Millions of Android users plagued by malware Judy

Google Play Store’s reputation has taken yet another hit as it emerged that a new malware dubbed Judy has affected millions of Android smartphones. Botnets, groups of internet connected devices controlled by hackers without the knowledge of the victims, are a growing danger in the mobile space.

The number of threats that have been discovered over the past year or so is enough to back this statement – FalseGuide, DressCode, ESET, Viking Horde and Chamois, for starters. Now there’s Judy. Over 40 apps in Google Play Store with ‘Judy’ as a main character were discovered to be hiding this malware; hence the name.

Google Play Store has always been stuck with a reputation for being insecure compared to Apple’s App Store due to the barrage of threats that are regularly uncovered by security experts. And its anti-malware system (Bouncer) has failed yet again. Check Point researchers who discovered Judy notified Google and the malicious applications have been pulled.

Malware Judy

What is malware Judy?

Worryingly, Judy appears to have been plaguing the applications marketplace for over a year. The malware uses the victim’s phone to generate fake ad clicks, thus fraudulently earning revenue for the developer. A Korean company called Kiniwini that is registered on Google Play Store as Enistudio, is reported to be behind the malicious apps.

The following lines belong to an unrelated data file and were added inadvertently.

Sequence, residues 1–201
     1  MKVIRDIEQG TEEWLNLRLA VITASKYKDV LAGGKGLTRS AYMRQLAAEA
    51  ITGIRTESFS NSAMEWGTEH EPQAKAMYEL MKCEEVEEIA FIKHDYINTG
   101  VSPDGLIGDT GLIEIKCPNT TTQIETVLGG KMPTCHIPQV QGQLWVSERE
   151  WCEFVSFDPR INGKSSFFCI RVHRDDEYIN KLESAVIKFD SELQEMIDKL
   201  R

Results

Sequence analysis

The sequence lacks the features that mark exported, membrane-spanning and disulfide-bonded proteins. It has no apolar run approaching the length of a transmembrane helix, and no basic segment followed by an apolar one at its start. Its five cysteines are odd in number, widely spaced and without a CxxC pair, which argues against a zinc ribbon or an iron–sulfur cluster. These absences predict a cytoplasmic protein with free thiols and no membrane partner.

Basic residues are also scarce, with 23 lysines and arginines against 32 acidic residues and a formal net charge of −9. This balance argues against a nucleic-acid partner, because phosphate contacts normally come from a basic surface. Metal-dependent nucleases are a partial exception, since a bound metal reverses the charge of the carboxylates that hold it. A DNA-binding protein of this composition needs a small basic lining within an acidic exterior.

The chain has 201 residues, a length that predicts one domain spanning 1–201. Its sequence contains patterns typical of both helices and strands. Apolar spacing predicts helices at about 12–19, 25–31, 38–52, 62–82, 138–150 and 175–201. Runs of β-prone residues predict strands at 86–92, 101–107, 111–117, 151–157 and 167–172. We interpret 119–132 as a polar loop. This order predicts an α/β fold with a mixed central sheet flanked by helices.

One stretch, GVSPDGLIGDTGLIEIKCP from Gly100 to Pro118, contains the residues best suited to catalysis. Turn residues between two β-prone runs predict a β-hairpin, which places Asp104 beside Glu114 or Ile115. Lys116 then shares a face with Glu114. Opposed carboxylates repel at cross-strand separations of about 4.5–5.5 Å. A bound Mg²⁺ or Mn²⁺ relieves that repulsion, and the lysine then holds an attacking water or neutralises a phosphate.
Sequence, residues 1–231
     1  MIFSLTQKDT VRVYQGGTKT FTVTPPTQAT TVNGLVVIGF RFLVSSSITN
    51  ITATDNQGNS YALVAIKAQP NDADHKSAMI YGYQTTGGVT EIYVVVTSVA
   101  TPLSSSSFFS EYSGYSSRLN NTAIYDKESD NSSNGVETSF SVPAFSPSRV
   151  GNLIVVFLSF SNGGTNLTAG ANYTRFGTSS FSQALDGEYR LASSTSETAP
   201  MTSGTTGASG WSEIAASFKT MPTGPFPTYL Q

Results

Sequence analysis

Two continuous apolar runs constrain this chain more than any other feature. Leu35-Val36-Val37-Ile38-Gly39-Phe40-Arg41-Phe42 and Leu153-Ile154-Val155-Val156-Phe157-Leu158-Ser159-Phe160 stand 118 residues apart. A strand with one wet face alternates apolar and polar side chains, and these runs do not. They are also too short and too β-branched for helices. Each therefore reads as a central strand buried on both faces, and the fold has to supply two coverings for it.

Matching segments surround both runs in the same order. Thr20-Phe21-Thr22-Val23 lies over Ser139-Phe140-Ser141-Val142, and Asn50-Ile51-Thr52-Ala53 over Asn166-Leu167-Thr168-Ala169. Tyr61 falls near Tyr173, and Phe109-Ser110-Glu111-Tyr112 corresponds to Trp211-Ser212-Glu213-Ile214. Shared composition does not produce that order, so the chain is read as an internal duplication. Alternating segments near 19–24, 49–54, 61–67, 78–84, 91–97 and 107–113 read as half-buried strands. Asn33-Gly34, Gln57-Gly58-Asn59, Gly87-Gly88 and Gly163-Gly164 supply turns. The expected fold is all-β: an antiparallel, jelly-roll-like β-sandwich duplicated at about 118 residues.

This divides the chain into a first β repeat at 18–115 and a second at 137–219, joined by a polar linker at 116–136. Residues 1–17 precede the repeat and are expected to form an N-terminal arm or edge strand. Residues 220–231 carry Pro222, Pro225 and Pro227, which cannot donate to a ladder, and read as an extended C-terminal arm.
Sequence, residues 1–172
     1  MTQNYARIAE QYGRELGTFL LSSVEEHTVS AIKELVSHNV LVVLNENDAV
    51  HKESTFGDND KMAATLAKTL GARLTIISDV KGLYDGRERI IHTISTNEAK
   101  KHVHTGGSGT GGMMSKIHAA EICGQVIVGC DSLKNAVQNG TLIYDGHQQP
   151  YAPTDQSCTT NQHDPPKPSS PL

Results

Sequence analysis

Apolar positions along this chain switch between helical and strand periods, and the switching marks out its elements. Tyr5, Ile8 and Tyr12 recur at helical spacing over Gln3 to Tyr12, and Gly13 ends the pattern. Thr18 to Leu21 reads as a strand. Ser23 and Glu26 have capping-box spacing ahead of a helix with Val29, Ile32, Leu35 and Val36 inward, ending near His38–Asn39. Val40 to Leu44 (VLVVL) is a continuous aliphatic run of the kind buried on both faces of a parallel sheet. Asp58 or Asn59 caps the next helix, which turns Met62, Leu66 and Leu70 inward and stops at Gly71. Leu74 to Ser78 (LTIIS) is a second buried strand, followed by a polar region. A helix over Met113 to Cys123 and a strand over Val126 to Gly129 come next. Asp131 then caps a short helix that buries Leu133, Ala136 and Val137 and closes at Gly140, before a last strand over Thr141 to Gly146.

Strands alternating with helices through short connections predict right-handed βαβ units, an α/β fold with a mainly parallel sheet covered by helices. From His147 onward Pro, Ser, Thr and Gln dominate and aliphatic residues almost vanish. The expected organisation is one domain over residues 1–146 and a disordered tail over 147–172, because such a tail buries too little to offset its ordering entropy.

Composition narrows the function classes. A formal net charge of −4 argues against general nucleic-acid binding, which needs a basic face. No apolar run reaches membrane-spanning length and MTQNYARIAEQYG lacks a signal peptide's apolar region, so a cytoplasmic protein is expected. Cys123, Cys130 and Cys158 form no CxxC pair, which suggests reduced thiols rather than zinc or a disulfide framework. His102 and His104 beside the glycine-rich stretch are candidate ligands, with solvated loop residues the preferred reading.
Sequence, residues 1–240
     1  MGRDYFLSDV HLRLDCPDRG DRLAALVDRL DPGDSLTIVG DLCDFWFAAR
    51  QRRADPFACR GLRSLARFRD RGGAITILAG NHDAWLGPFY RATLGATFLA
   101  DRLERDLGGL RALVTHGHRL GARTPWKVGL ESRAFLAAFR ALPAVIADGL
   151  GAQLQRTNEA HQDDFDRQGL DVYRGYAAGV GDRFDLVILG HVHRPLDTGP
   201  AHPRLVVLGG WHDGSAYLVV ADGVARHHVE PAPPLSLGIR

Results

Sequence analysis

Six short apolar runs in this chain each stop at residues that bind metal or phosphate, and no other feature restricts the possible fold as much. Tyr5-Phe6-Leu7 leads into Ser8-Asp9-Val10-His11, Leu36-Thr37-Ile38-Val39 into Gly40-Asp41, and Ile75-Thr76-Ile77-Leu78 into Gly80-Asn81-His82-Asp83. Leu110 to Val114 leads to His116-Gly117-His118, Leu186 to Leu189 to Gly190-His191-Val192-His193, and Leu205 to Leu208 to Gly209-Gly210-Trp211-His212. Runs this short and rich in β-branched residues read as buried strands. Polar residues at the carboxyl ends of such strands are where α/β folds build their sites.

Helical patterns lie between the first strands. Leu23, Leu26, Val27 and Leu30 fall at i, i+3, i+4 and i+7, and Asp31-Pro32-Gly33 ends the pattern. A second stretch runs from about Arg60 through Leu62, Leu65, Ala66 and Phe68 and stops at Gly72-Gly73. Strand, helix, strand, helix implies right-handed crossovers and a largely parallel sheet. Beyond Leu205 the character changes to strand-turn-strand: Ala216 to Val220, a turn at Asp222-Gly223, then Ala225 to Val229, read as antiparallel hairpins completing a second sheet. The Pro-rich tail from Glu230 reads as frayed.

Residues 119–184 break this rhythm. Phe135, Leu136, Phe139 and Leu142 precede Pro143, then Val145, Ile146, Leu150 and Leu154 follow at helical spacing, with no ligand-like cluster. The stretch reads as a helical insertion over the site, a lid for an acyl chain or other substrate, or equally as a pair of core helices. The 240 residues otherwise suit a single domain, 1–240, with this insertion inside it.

Judy managed to bypass Google’s security checks by posing as a bridgehead app for establishing a connection to the user’s smartphone. Once installed, it silently hooked the infected device to the adware server that fed it the actual malicious content. Users were then beleaguered with ads they were forced to click on to access the app or their homescreen.

How to stay safe from malicious Android apps

Google has updated Bouncer with a better mechanism to scan applications for malware content. But stay safe by installing anti-virus and anti-malware programs such as Avira, Avast and AVG on your phone. Secondly, don’t just blindly put apps on your device based on user ratings or the number of people who’ve downloaded them.

Developers can post fake reviews, show a high number of downloads or trick users into giving good ratings to their apps. Read through as many reviews as possible. Don’t install software that asks for unnecessary device permissions. For example, alarm bells should start ringing in your head if a clock app wants access to your camera or phonebook.

In the case of malware Judy, millions of people would have been spared had they gone through all the user feedback since some folks have reported its suspicious activities in their reviews for the applications in which it was hiding. Follow the Check Point link below to see the full list of malicious apps.